Salina's Economy Thrived on Milling in the Early 20th Century

Salina's Economy Thrived on Milling in the Early 20th Century
Photograph from Museum's Collection, c1919

Salina was a bustling city in the early 20th century, who owed much of its economic strength to the milling industry. The heart of this economic engine was powered by a network of mills strategically positioned along the railway tracks on Santa Fe. One such mill that played a pivotal role was the renowned Weber Flour Mill. Captured in a historic photograph from around 1919, this image vividly portrays the installation process of a mighty 350-horsepower electric turbine at the mill.

The impressive electric turbine, weighing a staggering 30 tons, stands as a testament to the advancements of the era. Its introduction marked a significant turning point, elevating the mill's production capacity from 1,200 barrels per day to an impressive 1,500 barrels. This pivotal upgrade was a driving force behind the mill's reputation, notably for producing the esteemed Tea Table flour.

As time progressed, the mill's destiny took a new turn. Ownership shifted hands, eventually falling into the capable stewardship of J.J. Vanier. However, challenges arose on the horizon. In 1945, a devastating fire swept through the mill's structure, inflicting substantial damage. Despite efforts to recover, the mill's operations eventually came to a halt in 1964, marking the end of an era.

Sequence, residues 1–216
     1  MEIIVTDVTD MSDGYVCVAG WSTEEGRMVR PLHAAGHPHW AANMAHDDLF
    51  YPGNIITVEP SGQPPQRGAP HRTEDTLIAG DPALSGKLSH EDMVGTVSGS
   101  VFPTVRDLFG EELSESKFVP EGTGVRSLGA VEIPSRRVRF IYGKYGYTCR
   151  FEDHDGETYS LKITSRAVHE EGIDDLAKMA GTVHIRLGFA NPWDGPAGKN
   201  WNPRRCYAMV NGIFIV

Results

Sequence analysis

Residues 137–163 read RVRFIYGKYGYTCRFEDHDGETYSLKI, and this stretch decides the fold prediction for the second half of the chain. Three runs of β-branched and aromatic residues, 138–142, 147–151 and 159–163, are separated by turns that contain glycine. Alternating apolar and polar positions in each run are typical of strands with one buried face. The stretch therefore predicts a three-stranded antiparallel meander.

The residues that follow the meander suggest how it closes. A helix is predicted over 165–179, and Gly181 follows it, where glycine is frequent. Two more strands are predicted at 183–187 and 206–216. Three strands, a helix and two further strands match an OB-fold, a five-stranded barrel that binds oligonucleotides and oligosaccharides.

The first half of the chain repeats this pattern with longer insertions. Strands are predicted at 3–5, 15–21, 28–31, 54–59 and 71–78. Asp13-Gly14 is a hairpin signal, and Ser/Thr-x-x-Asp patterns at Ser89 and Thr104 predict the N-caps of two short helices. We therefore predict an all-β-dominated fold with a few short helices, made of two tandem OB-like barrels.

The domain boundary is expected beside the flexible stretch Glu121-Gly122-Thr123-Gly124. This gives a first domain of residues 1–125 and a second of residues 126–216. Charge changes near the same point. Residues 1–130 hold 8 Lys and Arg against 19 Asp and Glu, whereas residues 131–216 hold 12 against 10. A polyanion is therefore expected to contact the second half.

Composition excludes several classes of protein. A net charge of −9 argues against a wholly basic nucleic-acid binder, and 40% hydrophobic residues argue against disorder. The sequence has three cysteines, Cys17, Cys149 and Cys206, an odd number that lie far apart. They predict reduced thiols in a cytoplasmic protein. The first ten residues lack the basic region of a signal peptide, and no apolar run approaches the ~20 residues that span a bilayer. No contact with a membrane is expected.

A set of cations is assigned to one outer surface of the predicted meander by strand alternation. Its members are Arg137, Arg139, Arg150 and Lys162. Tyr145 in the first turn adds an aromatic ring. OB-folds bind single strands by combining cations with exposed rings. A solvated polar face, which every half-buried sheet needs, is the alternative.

Preserved within the Museum's Collection, the c1919 photograph immortalizes a bygone era of industriousness and innovation. It serves as a reminder of Salina's rich history, where milling stood tall as the backbone of the city's flourishing economy.

Great! Next, complete checkout for full access to Salina311.
Welcome back! You've successfully signed in.
You've successfully subscribed to Salina311.
Success! Your account is fully activated, you now have access to all content.
Success! Your billing info has been updated.
Your billing was not updated.